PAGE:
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I have built a workflow that will be run once a day, but another user will be running this workflow.
My question is: is there a way to "lock" the tools in the workflow to prevent adding/removing tools or changes to tool configurations, but still allow a user to update input files and run the workflow? There needs to be visibility into the workflow as it runs (there are several test tools), so I don't think turning the workflow into a macro will work.
Alternatively, is there any way to see if any modifications have been made to the workflow between runs?
you can make it into an app with the input file being the input and have another question where they can define the output file. The test tools can output to messages which can be viewed at the end of the run through logs. or you can write to another file if there are any messages/statuses you need to confirm.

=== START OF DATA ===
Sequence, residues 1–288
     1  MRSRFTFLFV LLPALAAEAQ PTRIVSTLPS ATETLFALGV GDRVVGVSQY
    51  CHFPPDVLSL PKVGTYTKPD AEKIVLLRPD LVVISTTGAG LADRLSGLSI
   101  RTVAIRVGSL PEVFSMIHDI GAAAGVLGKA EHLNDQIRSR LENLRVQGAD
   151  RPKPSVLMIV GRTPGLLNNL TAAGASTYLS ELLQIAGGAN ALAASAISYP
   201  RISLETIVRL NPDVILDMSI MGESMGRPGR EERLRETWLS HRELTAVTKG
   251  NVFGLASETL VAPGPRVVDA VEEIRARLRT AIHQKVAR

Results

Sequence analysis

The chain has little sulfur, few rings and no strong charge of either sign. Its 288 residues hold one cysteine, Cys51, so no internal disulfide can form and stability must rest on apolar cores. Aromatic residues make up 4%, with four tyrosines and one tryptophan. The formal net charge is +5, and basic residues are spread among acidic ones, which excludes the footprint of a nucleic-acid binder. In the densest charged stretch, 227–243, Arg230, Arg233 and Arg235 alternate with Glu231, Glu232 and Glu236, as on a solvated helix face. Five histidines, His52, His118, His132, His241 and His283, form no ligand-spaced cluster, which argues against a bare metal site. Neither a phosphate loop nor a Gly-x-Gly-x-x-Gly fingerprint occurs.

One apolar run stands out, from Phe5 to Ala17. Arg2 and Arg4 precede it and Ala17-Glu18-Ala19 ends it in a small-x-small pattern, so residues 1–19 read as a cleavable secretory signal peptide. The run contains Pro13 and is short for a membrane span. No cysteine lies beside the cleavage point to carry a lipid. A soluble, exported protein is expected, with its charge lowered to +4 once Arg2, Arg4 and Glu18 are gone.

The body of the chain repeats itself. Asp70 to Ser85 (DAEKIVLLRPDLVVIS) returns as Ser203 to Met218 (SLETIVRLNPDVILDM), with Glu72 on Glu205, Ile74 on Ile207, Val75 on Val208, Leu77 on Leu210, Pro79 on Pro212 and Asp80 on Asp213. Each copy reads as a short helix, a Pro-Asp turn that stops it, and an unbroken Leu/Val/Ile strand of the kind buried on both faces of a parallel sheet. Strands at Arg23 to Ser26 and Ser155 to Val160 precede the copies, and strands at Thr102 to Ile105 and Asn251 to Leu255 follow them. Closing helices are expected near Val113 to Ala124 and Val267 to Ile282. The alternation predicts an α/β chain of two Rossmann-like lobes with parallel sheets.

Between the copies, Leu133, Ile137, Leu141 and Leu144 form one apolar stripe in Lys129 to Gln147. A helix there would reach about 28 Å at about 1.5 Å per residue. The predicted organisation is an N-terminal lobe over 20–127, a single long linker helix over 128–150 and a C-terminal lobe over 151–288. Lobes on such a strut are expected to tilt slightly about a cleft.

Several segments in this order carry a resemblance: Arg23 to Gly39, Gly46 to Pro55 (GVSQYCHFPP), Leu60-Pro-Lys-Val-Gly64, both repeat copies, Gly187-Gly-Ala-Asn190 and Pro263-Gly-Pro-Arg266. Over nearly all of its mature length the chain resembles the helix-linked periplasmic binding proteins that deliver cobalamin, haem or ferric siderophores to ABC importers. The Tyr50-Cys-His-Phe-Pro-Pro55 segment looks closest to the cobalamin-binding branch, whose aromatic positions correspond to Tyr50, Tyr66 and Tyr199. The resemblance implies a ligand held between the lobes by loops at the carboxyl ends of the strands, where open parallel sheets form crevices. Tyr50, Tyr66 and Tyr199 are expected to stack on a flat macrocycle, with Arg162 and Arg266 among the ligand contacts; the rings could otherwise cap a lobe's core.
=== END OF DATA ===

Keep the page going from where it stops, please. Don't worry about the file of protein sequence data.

I have a 2 step app (i run the app 2 times) that checks for consistency first, then i flick a switch and it then runs the data in production and updates the underlying database. The first output is a color coded PDF for the input files which highlights any issues i have before moving on to the second step.
RE: modifications between runs - not really. There is a .bak file that is saved when you overwrite a workflow/app that you can quickly archive to keep history. Then you can compare the files separately, but that's kind of a pain depending on how it's all setup.
An "easy" option that might still take some work would be to place each configured "locked" tool inside of its own unique macro, and store these macros as locked files, or in a location where the end user can't modify them. You can still connect tests and other tools to these macros, but it would lock down this specific tool configuration.
This still doesn't necessarily "prove" that the user did not modify the code by using a different tool, but you could at least mitigate this via workflow events, which you could set up to email a log after execution. If the tool ID changes between executions, or if the logging metadata changes in any way, that would show that there was a change.